Richard Hasen, a leading expert on voting rights and election law and longtime faculty member at Loyola Law School, Los Angeles, has accepted a senior offer from the new law school at the University of California at Irvine.
Craig Boise, a professor of law and the director of tax programs at DePaul and a former member of the Case law faculty, is returning to Cleveland. He will take over as dean at Cleveland-Marshall College of Law, at Cleveland State.
Ron Allen is the John Henry Wigmore Professor of Law at Northwestern University, where he has taught for nearly thirty years, and is one of the nation's leading authorities on the law of evidence and criminal procedure. (Indeed, it would be fair to say he is now one of the world's leading authorities in evidence, having played a central role in developing rules of evidence for China.) I was fortunate to co-author work on evidence law with Ron many years ago, and we have stayed in touch ever since. As readers will know, David Van Zandt, now President of the New School, had an impressively long and transformative, if not always uncontroversial, tenure as Dean at Northwestern. Ron mentioned to me his interest in talking about Van Zandt's tenure, and so I posed to him some general questions. My questions and his answers follow. They raise important issues of general interest to law schools and legal educators, and I am grateful to Ron for offering to share his perspective on the Van Zandt ("VZ") era at Northwestern.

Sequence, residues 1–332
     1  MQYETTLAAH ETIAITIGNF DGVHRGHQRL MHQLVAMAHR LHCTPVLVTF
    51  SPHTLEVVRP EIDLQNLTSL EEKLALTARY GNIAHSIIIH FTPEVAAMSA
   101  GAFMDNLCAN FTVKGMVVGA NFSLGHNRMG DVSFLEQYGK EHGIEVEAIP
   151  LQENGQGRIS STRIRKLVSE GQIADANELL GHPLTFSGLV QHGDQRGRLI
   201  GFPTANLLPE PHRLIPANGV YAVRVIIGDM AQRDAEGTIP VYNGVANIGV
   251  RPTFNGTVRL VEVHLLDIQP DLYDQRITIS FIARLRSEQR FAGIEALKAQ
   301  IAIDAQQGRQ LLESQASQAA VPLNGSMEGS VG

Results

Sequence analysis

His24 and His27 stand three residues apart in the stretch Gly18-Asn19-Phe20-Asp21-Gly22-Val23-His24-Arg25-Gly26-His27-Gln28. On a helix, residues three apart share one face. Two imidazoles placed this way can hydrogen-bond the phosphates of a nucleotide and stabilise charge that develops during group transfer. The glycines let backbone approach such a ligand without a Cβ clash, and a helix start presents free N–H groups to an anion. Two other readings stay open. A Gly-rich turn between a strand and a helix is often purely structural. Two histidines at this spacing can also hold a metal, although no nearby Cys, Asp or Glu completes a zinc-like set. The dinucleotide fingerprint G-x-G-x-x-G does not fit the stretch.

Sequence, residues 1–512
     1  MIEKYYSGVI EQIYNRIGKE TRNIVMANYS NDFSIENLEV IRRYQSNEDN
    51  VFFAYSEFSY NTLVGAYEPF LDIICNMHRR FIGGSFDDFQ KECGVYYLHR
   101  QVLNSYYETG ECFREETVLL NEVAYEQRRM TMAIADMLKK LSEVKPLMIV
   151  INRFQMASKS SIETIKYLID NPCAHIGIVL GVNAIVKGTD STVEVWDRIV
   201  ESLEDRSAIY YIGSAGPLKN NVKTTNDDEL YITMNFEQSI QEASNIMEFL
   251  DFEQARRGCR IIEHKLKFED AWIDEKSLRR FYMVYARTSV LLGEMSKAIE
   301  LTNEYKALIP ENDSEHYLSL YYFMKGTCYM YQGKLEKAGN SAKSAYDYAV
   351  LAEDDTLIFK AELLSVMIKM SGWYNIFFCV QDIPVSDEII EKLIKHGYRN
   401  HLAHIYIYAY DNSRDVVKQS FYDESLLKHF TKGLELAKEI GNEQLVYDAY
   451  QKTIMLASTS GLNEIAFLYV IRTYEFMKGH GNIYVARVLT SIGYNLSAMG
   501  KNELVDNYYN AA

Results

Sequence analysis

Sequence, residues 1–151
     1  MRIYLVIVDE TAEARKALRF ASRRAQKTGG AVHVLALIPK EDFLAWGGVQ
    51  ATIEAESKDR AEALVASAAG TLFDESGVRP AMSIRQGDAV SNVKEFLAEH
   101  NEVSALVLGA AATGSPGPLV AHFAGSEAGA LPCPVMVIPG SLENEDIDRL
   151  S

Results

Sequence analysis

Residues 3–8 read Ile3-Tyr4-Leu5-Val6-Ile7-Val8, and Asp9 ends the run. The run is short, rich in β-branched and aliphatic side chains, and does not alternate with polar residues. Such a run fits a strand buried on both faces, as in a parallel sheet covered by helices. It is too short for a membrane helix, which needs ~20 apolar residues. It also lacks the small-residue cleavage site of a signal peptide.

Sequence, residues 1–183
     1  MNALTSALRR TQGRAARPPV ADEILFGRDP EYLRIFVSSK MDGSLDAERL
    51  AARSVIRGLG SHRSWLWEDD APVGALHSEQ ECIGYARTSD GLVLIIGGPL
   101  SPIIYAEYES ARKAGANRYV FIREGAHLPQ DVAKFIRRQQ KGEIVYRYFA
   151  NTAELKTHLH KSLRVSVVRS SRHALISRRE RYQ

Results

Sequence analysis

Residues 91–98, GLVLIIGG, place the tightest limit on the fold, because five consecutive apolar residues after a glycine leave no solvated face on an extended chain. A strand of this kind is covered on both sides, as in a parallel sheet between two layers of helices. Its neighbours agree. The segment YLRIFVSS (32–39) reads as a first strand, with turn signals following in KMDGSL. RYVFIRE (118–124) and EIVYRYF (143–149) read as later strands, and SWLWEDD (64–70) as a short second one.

Leiter: David van Zandt was Dean at Northwestern for 15 years, an unusually long tenure for any law school Dean. Van Zandt also seemed to have a very concrete vision for what a law school should be. How would you describe that vision and what did you think of it?
Allen: The vision had two parts, one of which had beneficial aspects but became harmful; the other was ill-advised from the beginning. The first part was to increase the emphasis on producing empirical legal scholarship. In my opinion, this was a courageous move at the time and I think fully justified. Most legal scholarship is normative in nature, and thus the VZ move went against conventional thinking. Normative legal scholarship is obviously important, but I concurred in the view that it is over emphasized in law schools, and VZ was willing to take the risk of putting that belief to the test.
However, over the years the shift in emphasis became a radicalized vision, and here is where it became harmful. In the last five years, essentially the only hiring that could be done was of quantitative Ph.D.'s for whom a JD was irrelevant. Thus what initially involved a broadening of the scholarly agenda became narrowly focused on one type of work. VZ seemed oblivious that many fields of law are not easily amenable to this type of work, like, for example, maybe one of the most important within the law schools--constitutional law, or your own field of jurisprudence. Moreover, he seemed oblivious that truth propositions can be pursued analytically.